Digital Media vs. Copyright: Summaries

Right now, I am in the process of making an annotated bibliography. This process involves citing my sources in APA format and summarizing them. This is my progress so far:

Ahmad, T. (2009). Intellectual property law in internet. Rochester: Social Science Research Network. Retrieved from

Because of the fast rate that technology is changing, it is becoming an issue by challenging the current legal establishments. The Internet is still being governed by an outdated Intellectual property law. All of these new technologies in this digital era bring up the pressing issue of effective management and organized distribution. Copyright owners of digital work are at risk of losing control of their products on a daily basis and constantly having to find different tools to keep control of their work. The law is starting to be questioned now due to the rising need for order (Ahmad, 2009).

Appleby, L. (2013, Fall). Social media creates copyright problem. News Media and the Law, 37, 25-26. Retrieved from

Sites like Pinterest and Instagram have made it easier for people to distribute unlicensed work to a massive audience. This causes concerns for photographers. Some of these concerns include going unpaid for their work and having their work used/posted on sites that they do not support. Another reason is exclusivity. An example of this is when Sara Lewkowicz, “a grad student at Ohio University”, was following the story of a “man readjusting to life after being released from jail.” Through this transition, her photographs of him became more violent, capturing the physical assault of his girlfriend. These photos were published in Time Magazine and she had “exclusivity agreements with certain publications.” After they were published by Time Magazine, they quickly spread on the internet.
This was a concern to her because she was worried it would affect her agreements with these publications. Although people felt they were giving her exposure as an artist, the reality of it is the more the images spread, the less they are worth (Appleby, 2013).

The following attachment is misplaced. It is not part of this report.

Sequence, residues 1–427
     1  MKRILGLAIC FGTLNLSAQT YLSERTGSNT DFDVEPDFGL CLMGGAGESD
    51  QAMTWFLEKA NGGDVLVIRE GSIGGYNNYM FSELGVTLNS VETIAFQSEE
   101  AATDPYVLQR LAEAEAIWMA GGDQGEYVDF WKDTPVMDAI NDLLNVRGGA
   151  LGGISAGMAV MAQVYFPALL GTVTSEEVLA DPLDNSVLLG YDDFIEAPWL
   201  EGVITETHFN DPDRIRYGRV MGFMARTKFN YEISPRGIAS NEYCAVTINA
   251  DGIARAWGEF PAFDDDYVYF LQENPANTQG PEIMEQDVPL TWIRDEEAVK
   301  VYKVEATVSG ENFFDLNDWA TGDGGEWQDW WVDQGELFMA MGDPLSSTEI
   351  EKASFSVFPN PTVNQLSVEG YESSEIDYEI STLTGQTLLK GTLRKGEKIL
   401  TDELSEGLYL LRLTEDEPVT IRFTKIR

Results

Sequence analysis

Harris, L. E. (2012). Copyright law: A refresher. Information Outlook, 16(3), 24-25. Retrieved from

Copyright is the right to copy something. Copyright covers the right to duplicate material, like scanning papers, to perform publicly, such as concerts, to publish material in print or on the internet, to translate a book into a script for movies, and to “translate, publicly communicate, and broadcast (Lesley, 2012). There are five areas of the intellectual property law and copyright is one of them. This law protects works from literary to musical works to films, but it doesn’t protect someone’s idea. Copyright protects an author’s rights to their work and the honesty of the author. Certain exceptions to copyright include the use of materials in libraries and loaning them and educational uses of materials (Harris, 2012).

Long, S. A. (2006). US copyright law: The challenge of protection in the digital age. New Library World, 107(9), 450-452. doi:

The copyright law we have now allows people fair use of any work that has been copyrighted. Fair use lets people make copies of copyrighted work to use for either inspiration or educational purposes, such as making copies of an article for a class (Long, 2006). Fair use was not always in the copyright law, so it is proven that the law can be adapted to fit with the changing times. One issue with changing the copyright law to work with the digital world is that it conflicts with educational needs. Lisa Marie Smith, an assistant librarian, pointed out that with a new law, teachers would no longer be able to make copies of articles or show videos in class and libraries would not be allowed to loan out anything (Long, 2006).


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